Get Testing out of your Tech Debt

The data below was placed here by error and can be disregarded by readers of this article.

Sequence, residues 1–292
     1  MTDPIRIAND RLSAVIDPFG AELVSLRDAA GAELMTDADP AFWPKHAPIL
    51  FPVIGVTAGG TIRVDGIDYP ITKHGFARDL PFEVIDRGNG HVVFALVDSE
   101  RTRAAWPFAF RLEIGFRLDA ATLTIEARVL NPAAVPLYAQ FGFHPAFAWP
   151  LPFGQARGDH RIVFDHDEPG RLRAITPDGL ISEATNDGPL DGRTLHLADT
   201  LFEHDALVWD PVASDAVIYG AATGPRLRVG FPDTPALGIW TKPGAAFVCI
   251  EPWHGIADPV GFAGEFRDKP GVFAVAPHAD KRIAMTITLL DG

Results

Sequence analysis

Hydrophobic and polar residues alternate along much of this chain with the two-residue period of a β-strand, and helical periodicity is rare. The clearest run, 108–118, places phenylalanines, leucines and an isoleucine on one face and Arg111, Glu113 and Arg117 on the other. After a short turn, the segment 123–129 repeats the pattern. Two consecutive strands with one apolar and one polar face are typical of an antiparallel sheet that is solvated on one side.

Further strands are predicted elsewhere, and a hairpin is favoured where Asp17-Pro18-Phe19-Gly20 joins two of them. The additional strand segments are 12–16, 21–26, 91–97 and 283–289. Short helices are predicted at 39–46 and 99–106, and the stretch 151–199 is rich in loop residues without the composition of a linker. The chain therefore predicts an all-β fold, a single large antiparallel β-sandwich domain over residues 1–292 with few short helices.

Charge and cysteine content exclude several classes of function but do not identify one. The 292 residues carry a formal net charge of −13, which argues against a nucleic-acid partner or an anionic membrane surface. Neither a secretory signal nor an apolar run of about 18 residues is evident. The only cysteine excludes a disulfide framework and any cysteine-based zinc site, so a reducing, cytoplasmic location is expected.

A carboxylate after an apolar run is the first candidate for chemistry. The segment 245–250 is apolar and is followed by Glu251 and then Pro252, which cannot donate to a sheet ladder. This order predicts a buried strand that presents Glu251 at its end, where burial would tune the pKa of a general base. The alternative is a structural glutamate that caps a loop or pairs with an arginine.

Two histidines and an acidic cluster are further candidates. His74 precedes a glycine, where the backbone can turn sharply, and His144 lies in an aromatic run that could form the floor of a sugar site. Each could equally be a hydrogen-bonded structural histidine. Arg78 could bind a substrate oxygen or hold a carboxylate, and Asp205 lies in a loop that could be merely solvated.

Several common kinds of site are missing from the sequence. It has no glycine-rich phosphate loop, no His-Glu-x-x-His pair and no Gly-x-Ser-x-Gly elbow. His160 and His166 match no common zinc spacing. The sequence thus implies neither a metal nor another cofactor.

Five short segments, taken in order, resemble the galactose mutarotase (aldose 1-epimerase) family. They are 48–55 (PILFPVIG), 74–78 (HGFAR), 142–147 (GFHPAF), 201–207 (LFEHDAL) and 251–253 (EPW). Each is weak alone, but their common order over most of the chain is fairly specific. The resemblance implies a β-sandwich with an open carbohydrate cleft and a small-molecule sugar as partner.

Technical debt and testing have a long and entangled history. Across many organizations, teams struggle to define “technical debt” and what should fall into the “tech debt” bucket. Testing commonly suffers the fate of being categorized as tech debt, and consequently isn’t prioritized. Defining tech debt, and even rebranding it, can help your team to prioritize testing and reduce the negative stigma around tech debt.